models . . . . . . . . . . . . . . . . . . . . . . . . . . . . . . . . . . . . . . 213.4 Example for pharmacokinetic data of an antibody . . . . . . . . . . . . . . 263.5 Discussion and outlook . . . . . . . . . . . . . . . . . . . . . . . . . . . . . 27

    4 Model Figures 294.1 The inflow/outflow model . . . . . . . . . . . . . . . . . . . . . . . . . . . 30

    4.1.1 Application of inflow/outflow models - Indirect response models . . 314.2 The transit compartment model . . . . . . . . . . . . . . . . . . . . . . . . 314.3 Lifespan models . . . . . . . . . . . . . . . . . . . . . . . . . . . . . . . . . 35

    4.3.1 Lifespan models with constant lifespan . . . . . . . . . . . . . . . . 364.3.2 Lifespan models with distributed lifespan . . . . . . . . . . . . . . . 36

    4.4 General relationship between transit compartments and lifespan models . . 394.5 Classification of models with lifespan . . . . . . . . . . . . . . . . . . . . . 464.6 Modeling of the drug effect . . . . . . . . . . . . . . . . . . . . . . . . . . . 494.7 Discussion and outlook . . . . . . . . . . . . . . . . . . . . . . . . . . . . . 50

    5 Point and Interval Estimation 535.1 The weighted least squares sum . . . . . . . . . . . . . . . . . . . . . . . . 545.2 Statistical assumptions about the errors . . . . . . . . . . . . . . . . . . . 555.3 Choice of weights . . . . . . . . . . . . . . . . . . . . . . . . . . . . . . . . 55

    7

  • Contents

    5.4 Consistent weighted least squares estimator . . . . . . . . . . . . . . . . . 565.5 Asymptotic normality of the weighted least squares estimator . . . . . . . 605.6 Confidence interval and coefficient of variation . . . . . . . . . . . . . . . . 665.7 Application to simultaneous PKPD fits . . . . . . . . . . . . . . . . . . . . 685.8 Discussion and outlook . . . . . . . . . . . . . . . . . . . . . . . . . . . . . 69

    6 Modeling of Tumor Growth and Anticancer Effects of Mono- and Com-bination Therapy 716.1 Experimental setup . . . . . . . . . . . . . . . . . . . . . . . . . . . . . . . 736.2 Unperturbed tumor growth . . . . . . . . . . . . . . . . . . . . . . . . . . 736.3 Perturbed tumor growth for mono-therapy . . . . . . . . . . . . . . . . . . 776.4 Perturbed tumor growth for combination therapy . . . . . . . . . . . . . . 816.5 The threshold concentration . . . . . . . . . . . . . . . . . . . . . . . . . . 846.6 Tumor growth model for mono-therapy in the lifespan type formulation . . 856.7 Numerics . . . . . . . . . . . . . . . . . . . . . . . . . . . . . . . . . . . . 886.8 Project structure . . . . . . . . . . . . . . . . . . . . . . . . . . . . . . . . 886.9 Discussion and outlook . . . . . . . . . . . . . . . . . . . . . . . . . . . . . 88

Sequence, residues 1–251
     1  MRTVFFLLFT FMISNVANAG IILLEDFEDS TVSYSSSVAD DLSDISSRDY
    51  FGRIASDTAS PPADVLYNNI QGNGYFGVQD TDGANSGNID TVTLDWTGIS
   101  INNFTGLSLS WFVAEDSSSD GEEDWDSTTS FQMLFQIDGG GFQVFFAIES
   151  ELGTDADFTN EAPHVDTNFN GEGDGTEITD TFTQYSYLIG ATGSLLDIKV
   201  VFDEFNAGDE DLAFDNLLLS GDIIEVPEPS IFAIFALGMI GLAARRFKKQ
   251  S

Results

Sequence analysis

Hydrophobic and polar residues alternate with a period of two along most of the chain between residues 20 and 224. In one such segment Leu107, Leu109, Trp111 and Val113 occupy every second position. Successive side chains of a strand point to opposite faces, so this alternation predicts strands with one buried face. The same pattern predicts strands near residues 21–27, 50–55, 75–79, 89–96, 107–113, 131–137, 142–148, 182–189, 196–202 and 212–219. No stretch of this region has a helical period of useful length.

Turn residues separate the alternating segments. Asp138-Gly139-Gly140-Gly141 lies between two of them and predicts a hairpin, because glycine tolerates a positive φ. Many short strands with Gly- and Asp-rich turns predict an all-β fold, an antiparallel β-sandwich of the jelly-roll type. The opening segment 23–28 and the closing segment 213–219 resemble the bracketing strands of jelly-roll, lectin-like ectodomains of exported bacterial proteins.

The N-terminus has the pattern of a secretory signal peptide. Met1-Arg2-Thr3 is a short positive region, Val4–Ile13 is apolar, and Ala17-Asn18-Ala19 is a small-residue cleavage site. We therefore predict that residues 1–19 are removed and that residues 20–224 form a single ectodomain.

7 Modeling of Arthritis and Anti-GM-CSF Effects 917.1 Experimental setup . . . . . . . . . . . . . . . . . . . . . . . . . . . . . . . 927.2 Model development . . . . . . . . . . . . . . . . . . . . . . . . . . . . . . . 937.3 Fitting results . . . . . . . . . . . . . . . . . . . . . . . . . . . . . . . . . . 997.4 Reformulation as transit compartment based model . . . . . . . . . . . . . 1037.5 Numerics . . . . . . . . . . . . . . . . . . . . . . . . . . . . . . . . . . . . 1057.6 Project structure . . . . . . . . . . . . . . . . . . . . . . . . . . . . . . . . 1057.7 Discussion and outlook . . . . . . . . . . . . . . . . . . . . . . . . . . . . . 106

    A Laplace transform 107

    B Pharmacokinetic parameters of anticancer drugs 109

    8

  • Chapter 1

    Introduction

    The development of drugs is time-consuming and costly. A study [DHG03] from 2003reports costs of approximately US$ 800 million to bring a drug to the market. It is esti-mated that around 90 percent of compounds (drug candidates) will fail during the drugdevelopment process. Hence, the drug-producing industry is in search of new tools to sup-port drug development. It is stated by the U.S. Food and Drug Administration (FDA)that computational modeling and simulation is a useful tool to improve the efficiency indeveloping safe and effective drugs, see [GM01].

    The complete process of drug development consists of a preclinical and clinical part.In preclinics, different compounds are tested for an effect in animals. The clinical part isdivided into three phases. In phase I, the drug is tested in healthy humans for physiolog-ical compatibility. In phase II, the pharmacological / therapeutic effect is investigated.In phase III, the drug is tested in thousands of patients. In Figure 1.1 the time course ofdrug development is schematically visualized.

    An experiment in drug development consists of two parts. The pharmacokinetics (PK)describes the time course of drugs. The pharmacodynamics (PD) is the study of the phar-macological effect of drugs. It is believed "that by better understanding of the relationshipbetween PK and PD one can sh